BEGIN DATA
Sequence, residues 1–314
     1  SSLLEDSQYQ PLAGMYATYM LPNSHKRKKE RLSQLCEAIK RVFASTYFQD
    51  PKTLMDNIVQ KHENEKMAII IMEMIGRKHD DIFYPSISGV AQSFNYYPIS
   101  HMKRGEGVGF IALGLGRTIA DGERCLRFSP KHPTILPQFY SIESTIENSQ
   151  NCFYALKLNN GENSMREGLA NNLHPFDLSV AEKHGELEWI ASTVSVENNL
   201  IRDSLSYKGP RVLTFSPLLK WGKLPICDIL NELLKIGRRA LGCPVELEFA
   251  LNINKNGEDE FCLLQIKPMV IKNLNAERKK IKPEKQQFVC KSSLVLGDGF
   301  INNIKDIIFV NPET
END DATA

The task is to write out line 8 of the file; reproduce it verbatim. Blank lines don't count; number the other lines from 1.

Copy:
   301  INNIKDIIFV NPET